It’s like when a footballer carries on playing one or two seasons too long, after he’s past his best. I wanted to bow out while I was at the top, but I was misled into staying on, and that does rile me. “I prefer a footballer to an administrator”; that’s what Sepp Blatter said. When I asked him what he meant, he said he thought I was too old to continue. Mr Blatter is 72 and has never played football...
In hindsight, do you think you should have approached the campaign differently?
I am naive; I tend to think well of other people. I didn’t run a campaign at all; after 17 years of uninterrupted success, with no scandals, a unified Executive Committee, all four semi-finalists at the World Cup from our confederation, and an economy in much sounder shape than FIFA’s, I thought my track record would talk for itself. I stayed on as UEFA president because the president of FIFA asked me to, officially – and then he used the time to support my opponent.
You’re obviously upset about the way you were treated. Does that ill feeling extend to the new UEFA president?
I don’t have a single bad word to say against Michel Platini. He's his own man, with a genuine love of the game. He conducted his candidature with complete decency, and he wrote me a very considerate letter after winning the election. My anger is directed towards someone else, who did not play fair. I know that people have said that Platini is the FIFA president’s puppet, but I think Blatter may have made a rod for his own back.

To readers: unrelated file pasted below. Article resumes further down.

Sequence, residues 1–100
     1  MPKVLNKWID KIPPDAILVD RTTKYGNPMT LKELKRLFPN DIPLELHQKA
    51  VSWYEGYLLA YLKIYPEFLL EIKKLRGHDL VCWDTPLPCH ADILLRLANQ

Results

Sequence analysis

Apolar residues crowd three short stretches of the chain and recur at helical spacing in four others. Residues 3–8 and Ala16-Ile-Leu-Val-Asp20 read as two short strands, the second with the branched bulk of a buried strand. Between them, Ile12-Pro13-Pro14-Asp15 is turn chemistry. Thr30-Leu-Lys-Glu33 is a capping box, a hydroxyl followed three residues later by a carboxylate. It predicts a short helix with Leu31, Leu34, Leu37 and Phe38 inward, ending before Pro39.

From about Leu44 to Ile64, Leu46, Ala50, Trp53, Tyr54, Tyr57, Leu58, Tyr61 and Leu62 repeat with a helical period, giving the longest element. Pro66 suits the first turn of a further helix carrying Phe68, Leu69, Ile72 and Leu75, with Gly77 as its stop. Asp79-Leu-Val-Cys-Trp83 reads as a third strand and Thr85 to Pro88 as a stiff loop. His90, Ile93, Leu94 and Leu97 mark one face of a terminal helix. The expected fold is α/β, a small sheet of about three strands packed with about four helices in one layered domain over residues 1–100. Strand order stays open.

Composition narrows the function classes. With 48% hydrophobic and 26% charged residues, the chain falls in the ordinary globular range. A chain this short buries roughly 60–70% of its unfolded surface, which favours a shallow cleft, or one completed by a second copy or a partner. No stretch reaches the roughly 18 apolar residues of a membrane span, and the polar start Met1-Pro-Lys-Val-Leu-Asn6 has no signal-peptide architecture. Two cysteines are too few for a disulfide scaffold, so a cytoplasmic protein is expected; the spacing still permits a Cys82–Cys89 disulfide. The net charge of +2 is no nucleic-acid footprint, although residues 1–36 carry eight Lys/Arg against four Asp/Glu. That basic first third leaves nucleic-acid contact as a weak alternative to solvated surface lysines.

So, what are your plans for the future?
I’m honorary president of UEFA, and just yesterday I received a letter from Blatter inviting me to become honorary vice-president of FIFA – which means I can travel around and watch the matches I want to, and attend the meetings and conferences I’m interested in. That’s a privilege I intend to use with discernment. I’ll take part in meetings and discussions where I feel I’m well-enough informed to make a useful contribution, and when I can’t, well, I’ll stay at home and go fishing instead. I’m going to have to learn to live at a different pace. It drives my wife up the wall if I’m around the house too much, getting under her feet in the kitchen so I’m thinking of writing a book. I feel a need to put certain things down in writing…
November 5, 1929, Bromma, Stockholm
Appointed managing director of Swedish lino firm, Forbo Forshaga
Chairman of AIK Solna
Appointed president of the Swedish League
Appointed president of the Swedish Football Association
Appointed vice chairman of the European Football Championship Committee
Becomes an executive member of the UEFA
Appointed vice-president of FIFA
Appointed UEFA president
Re-elected for further new two-year period UEFA president
Ousted as UEFA president after losing election against Michel Platini
Appointed honorary president of UEFA and honorary vice-president of FIFA
FourFourTwo is brought to you by Haymarket Consumer Media & FourFourTwo is part of Haymarket Sport
| International Licensing | © Haymarket Media Group 2010